Ashe is especially concerned with what he sees as the corruption of black youth by the expectation that jobs and university admissions will be distributed to them on the basis of their skin color. He recalls with dismay a dialogue with black male athletes from Stamford, Connecticut, who insisted they were “entitled” to scholarships, even over athletes with better academic records. “On display,” he observes, “was the increasingly dominant African-American adolescent ethos of entitlement, of ‘You Owe Me,’ which I consider monstrous.”
Ashe encountered a similarly depressing response from the son of an affluent physician and personal friend. This young man had attended elite prep schools and had recently graduated from a prestigious law school. Yet despite his background, he told Ashe that he would have accepted admission to law school on an affirmative-action track, with the justification that as a member of a group which had been “historically abused and discriminated against” he was “entitled to redress,” that it was important that the law profession be more ethnically diverse, and that law-school entrance tests were anyway “slanted” to benefit whites.
In criticizing the entitlement mentality, Ashe does not limit his discussion to its effects on the sons and daughters of the well-off. Once, given the option of teaching a course at Yale or at a predominantly minority college in Miami, Ashe chose the latter out of an obligation to serve black youth. His first jolt came when, with few exceptions, he received student essays that were incoherent, ungrammatical, and lacking in logic. A second jolt came when the friend who had persuaded Ashe to accept the teaching post counseled him to refrain from judging his students by the standards to which he, as a student in segregated schools, had been held, and suggested that Ashe had a responsibility not to allow black youths to fail.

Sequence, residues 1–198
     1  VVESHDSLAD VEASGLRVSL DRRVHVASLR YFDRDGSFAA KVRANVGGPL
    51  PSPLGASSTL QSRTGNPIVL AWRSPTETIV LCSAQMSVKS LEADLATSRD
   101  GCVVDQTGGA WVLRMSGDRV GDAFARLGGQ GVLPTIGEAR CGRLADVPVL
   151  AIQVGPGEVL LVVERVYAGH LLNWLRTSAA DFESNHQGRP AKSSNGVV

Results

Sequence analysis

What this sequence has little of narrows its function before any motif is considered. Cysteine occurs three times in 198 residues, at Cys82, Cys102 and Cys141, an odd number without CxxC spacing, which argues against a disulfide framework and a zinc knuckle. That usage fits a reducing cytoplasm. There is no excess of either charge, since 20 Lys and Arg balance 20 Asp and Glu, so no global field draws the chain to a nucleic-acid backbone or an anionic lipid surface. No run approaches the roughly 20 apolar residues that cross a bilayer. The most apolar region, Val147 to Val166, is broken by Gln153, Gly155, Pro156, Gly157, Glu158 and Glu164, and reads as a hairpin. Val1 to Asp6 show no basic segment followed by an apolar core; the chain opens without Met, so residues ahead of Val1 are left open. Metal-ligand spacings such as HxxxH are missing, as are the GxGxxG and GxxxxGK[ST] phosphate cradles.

Grudgingly accepting the premise that his standards were too demanding for these particular students, Ashe received a final jolt when they reciprocated by adopting a lackadaisical attitude, cutting sessions, drifting in late, and refusing to complete the assigned work. At this juncture, Ashe reports, he “didn’t want to hear about the effects of history and the legacy of slavery and segregation. At some point, each individual is responsible for his or her fate.”